How to Make an Asymmetrical Christmas Wreath with Fresh Greenery
The holidays are all about carrying on traditions and making new ones. Just like your Scandinavian-inspired holiday décor or unconventional-yet-festive color palette, take a break from the typical evergreen wreath and decorate for the season with a pretty, nature-inspired creation.
The best part: With a quick trip to your local flower market or even the Christmas tree vendor down the street, you can craft your own gorgeous wreath. Floral designer Sierra Steifman shows us how to make a stunning asymmetrical wreath like the loose, organic arrangements she creates at her design firms, Poppies & Posies and The Floral Society. Follow these step-by-step instructions to put together your own magical holiday décor and perhaps start a new tradition.
Gather Your Supplies
To create a wreath, you'll need strong floral clippers to cut greenery to size; a spool of wire and wire cutters for fastening your foliage; and a wreath form. We used a 10-inch form ($10, amazon.com), but you can go bigger or smaller depending on the size of the wreath desired. If you aren't covering the entire form with foliage, Steifman recommends using a copper form for a more decorative look.
These supplies are optional, but we recommend waterproof floral tape ($6.99, amazon.com) to help secure your foliage, and ribbon scissors if you're using ribbon as a finishing touch. Lastly, work on a clear surface that's easy to clean such as a kitchen counter.
Select a Variety of Greens
For a multidimensional wreath like ours, you'll need a variety of greens in varying colors and textures. Steifman layered hemlock fir, cedar, and juniper as the base. She then embellished with eucalyptus silver bell pods, thistle, and true blue eucalyptus.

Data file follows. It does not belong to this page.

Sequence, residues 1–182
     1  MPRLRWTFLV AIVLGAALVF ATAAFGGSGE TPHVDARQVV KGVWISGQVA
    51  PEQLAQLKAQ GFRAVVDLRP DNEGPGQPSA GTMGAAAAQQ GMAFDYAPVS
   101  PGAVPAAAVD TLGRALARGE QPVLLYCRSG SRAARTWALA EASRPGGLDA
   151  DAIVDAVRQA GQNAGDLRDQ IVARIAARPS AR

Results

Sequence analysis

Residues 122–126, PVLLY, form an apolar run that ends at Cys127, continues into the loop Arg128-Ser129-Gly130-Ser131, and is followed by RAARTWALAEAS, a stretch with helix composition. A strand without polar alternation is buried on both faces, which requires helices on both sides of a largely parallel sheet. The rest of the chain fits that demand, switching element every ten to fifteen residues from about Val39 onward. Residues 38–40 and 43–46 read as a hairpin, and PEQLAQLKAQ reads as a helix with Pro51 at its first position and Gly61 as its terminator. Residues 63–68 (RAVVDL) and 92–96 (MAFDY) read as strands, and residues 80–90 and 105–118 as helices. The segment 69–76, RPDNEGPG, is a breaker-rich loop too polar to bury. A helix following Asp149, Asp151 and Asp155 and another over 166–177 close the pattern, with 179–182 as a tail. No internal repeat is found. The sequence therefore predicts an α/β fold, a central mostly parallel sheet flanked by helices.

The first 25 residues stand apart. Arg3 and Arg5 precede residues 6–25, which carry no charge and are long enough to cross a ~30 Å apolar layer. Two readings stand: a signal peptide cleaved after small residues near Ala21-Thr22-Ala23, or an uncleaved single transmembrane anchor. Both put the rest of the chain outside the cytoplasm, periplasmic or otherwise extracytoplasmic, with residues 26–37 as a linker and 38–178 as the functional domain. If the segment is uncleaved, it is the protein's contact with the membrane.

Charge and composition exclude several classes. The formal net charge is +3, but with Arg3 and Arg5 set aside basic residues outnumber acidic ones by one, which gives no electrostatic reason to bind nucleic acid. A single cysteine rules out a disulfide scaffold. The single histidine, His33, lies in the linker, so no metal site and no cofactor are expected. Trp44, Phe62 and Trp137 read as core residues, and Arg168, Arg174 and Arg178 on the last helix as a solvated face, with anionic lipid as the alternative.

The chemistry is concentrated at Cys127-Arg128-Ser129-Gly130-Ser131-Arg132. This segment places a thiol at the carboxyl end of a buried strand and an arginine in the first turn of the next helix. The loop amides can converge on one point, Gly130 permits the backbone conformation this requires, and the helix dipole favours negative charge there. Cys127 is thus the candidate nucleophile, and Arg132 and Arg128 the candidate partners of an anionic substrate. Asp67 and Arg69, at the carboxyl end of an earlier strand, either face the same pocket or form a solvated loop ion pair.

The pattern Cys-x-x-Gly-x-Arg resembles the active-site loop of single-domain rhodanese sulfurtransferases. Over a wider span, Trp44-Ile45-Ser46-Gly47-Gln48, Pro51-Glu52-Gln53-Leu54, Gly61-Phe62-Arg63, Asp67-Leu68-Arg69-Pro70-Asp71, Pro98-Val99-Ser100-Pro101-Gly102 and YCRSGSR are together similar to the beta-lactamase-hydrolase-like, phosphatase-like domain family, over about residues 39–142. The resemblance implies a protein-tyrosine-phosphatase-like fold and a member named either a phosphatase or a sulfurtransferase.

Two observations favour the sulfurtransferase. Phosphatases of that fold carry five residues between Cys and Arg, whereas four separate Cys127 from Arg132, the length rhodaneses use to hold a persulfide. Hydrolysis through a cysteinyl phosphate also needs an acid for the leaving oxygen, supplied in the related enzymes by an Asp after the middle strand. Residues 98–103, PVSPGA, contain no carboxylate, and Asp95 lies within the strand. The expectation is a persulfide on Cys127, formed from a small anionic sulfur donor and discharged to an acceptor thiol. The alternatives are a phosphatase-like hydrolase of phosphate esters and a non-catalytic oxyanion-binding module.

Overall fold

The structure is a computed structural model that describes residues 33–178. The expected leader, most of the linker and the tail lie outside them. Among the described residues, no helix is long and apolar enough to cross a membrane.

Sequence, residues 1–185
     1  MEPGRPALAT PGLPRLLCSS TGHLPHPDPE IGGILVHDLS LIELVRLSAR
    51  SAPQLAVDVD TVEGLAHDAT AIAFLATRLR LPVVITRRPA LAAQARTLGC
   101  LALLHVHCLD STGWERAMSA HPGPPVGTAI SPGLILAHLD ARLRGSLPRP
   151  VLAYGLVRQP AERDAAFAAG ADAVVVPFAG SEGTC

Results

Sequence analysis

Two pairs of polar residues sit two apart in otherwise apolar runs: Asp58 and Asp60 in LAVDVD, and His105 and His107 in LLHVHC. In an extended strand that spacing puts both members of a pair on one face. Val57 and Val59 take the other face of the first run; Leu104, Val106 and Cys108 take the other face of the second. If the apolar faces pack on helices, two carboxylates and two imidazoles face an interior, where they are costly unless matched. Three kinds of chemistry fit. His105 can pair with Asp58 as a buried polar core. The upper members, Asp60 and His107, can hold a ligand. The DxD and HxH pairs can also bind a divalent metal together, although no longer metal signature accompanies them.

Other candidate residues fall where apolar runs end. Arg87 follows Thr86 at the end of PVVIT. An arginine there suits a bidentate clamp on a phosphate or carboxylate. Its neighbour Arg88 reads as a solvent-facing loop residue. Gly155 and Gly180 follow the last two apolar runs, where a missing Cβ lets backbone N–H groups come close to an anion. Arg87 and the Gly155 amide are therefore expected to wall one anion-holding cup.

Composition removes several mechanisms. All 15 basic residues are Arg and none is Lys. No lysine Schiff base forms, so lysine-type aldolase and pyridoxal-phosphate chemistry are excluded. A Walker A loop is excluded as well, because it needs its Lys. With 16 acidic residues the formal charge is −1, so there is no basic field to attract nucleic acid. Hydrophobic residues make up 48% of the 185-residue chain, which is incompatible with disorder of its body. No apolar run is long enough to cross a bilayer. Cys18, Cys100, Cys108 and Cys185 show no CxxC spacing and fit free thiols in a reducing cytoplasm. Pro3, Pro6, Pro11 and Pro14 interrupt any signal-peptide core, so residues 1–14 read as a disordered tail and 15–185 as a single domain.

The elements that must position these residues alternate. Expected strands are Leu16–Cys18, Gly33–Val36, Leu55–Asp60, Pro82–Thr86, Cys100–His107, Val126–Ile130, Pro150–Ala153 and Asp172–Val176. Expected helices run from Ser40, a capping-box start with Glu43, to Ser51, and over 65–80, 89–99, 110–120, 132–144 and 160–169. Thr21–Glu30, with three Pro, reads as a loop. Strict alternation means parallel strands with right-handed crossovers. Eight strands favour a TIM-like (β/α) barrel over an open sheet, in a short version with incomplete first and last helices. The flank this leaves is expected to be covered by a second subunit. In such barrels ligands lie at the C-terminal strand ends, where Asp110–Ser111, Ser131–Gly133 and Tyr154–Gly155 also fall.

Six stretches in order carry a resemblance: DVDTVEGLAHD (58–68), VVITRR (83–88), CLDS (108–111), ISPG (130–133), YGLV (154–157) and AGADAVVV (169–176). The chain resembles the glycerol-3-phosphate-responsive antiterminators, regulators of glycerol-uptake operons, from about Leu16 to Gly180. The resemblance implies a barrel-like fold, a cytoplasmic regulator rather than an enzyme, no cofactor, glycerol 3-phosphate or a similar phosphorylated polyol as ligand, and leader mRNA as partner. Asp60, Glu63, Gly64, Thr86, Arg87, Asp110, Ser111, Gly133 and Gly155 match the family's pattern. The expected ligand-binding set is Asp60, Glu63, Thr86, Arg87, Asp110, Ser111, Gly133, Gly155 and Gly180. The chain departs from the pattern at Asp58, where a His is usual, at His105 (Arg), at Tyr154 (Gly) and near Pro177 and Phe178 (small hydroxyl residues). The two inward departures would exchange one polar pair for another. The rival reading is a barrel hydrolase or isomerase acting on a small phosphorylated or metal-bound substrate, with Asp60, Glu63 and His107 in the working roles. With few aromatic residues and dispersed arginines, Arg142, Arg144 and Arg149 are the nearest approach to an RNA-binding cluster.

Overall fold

But where do you find all these beautiful greens? Besides your local farmer's market, "you can buy 'tips,' which are cut branches, any place that's selling Christmas trees," says Steifman. "And if you live by spruce trees, you can also forage for pine cones or berries." Another trusted resource that Steifman turns to for pinecones and dried flowers is afloral.com. "I like adding berries and decorative textures," says the expert. Some of her favorites include silver brunia, thistle, rosehip, and dried flowers like strawflower, poppy pods, lunaria, and bunny tail.
Make Your Bundles
Now that your work surface and materials are prepped, it's time to make bundles. First, cut your greenery based on the size of your form. We used a 10-inch form and cut materials 4- to 8-inches long.
Start with the flattest greens, layer on the second variety, and top with the fullest. Secure each bundle with wire; repeat. Make at least eight to 10 bundles depending on the size of bundles, keeping in mind the bigger the bundles the fewer bundles you'll need to cover the wreath.
Build Your Wreath
Cut the wire to 8-inch strips. Pick a starting point and attach one bundle to the wreath form using wire, making sure to coil the wire around at least three times or until it feels secure. Working in the same direction, continue to add bundles. Make sure to hide wire by overlapping. Layer so that the tips of the next bundle cover the stems of the previous one. Work until you've covered the wreath form.
Add Decorative Elements and Hang
Now for the fun part: The finishing touches. For an asymmetrical look add adornments mainly to one side. Stick pretty accent pieces like pinecones into the armature and secure in the back onto the wreath form using wire. Sierra stripped leaves off the bottom of the true blue eucalyptus stem before adding them to the armature. Once you're happy with your wreath, tie ribbon, and hang.